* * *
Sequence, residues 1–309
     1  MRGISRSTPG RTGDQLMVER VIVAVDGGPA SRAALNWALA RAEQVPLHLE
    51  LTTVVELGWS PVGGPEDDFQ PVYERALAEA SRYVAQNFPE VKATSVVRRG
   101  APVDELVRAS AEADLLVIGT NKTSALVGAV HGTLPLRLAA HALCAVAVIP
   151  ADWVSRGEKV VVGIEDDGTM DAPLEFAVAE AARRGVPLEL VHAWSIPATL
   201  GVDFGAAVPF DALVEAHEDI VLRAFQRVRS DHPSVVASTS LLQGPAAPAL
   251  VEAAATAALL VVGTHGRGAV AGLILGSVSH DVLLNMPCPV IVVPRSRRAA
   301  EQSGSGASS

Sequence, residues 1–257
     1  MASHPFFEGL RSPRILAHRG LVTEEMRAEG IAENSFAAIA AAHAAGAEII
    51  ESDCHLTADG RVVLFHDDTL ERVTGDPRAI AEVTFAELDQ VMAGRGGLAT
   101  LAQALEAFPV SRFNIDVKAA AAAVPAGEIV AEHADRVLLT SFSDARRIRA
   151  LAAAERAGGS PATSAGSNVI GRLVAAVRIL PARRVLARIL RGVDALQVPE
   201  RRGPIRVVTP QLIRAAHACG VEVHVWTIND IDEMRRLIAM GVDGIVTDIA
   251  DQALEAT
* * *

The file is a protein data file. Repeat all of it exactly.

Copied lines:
Sequence, residues 1–309
     1  MRGISRSTPG RTGDQLMVER VIVAVDGGPA SRAALNWALA RAEQVPLHLE
    51  LTTVVELGWS PVGGPEDDFQ PVYERALAEA SRYVAQNFPE VKATSVVRRG
   101  APVDELVRAS AEADLLVIGT NKTSALVGAV HGTLPLRLAA HALCAVAVIP
   151  ADWVSRGEKV VVGIEDDGTM DAPLEFAVAE AARRGVPLEL VHAWSIPATL
   201  GVDFGAAVPF DALVEAHEDI VLRAFQRVRS DHPSVVASTS LLQGPAAPAL
   251  VEAAATAALL VVGTHGRGAV AGLILGSVSH DVLLNMPCPV IVVPRSRRAA
   301  EQSGSGASS

Sequence, residues 1–257
     1  MASHPFFEGL RSPRILAHRG LVTEEMRAEG IAENSFAAIA AAHAAGAEII
    51  ESDCHLTADG RVVLFHDDTL ERVTGDPRAI AEVTFAELDQ VMAGRGGLAT
   101  LAQALEAFPV SRFNIDVKAA AAAVPAGEIV AEHADRVLLT SFSDARRIRA
   151  LAAAERAGGS PATSAGSNVI GRLVAAVRIL PARRVLARIL RGVDALQVPE
   201  RRGPIRVVTP QLIRAAHACG VEVHVWTIND IDEMRRLIAM GVDGIVTDIA
   251  DQALEAT